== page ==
As the shale gas boom was making its way into Ohio in 2012, University of Cincinnati scientist Amy Townsend-Small began testing private water wells in Carroll County, the epicenter of the Utica Shale. Her project, which includes samples of more than 100 wells, is one of the few sustained efforts in the nation to evaluate drinking water quality before, during and after gas drilling.
Although it will likely be another year before Townsend-Small releases the results, her work offers a template for other communities worried about how drilling, fracking and producing unconventional natural gas might contaminate groundwater supplies.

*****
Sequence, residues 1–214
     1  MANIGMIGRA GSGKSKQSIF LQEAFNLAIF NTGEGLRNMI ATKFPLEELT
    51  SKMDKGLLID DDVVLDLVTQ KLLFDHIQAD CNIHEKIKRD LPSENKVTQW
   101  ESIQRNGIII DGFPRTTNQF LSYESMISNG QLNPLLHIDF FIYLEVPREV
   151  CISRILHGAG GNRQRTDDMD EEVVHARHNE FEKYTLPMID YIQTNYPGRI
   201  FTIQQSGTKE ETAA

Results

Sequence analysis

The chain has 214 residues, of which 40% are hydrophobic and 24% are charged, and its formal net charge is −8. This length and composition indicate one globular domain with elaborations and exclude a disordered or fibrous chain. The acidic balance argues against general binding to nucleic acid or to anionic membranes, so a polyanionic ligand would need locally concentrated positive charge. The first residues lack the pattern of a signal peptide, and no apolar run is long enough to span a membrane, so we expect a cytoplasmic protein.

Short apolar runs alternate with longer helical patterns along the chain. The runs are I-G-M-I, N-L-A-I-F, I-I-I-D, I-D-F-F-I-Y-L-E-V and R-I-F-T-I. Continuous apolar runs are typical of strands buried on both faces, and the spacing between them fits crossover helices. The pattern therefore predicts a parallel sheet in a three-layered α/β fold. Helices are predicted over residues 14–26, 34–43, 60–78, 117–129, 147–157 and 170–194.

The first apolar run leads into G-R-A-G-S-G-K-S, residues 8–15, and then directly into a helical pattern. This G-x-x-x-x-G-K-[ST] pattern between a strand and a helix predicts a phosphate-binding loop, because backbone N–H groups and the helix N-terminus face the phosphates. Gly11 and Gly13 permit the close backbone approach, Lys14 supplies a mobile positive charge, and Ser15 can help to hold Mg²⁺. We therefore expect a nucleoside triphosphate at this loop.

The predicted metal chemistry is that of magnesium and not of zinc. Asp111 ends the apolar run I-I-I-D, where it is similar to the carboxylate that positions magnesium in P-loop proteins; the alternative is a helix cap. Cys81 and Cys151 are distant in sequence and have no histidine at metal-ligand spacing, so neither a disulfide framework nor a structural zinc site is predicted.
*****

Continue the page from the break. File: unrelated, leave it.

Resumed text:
Most residents test their water only after they suspect it has been polluted; few have the resources or foresight to conduct baseline testing prior to the drilling.
The tests cost hundreds of dollars, "so it's not something everybody can afford to do regularly," said Townsend-Small, an assistant professor in the geology department.You can read the whole article by clicking here.
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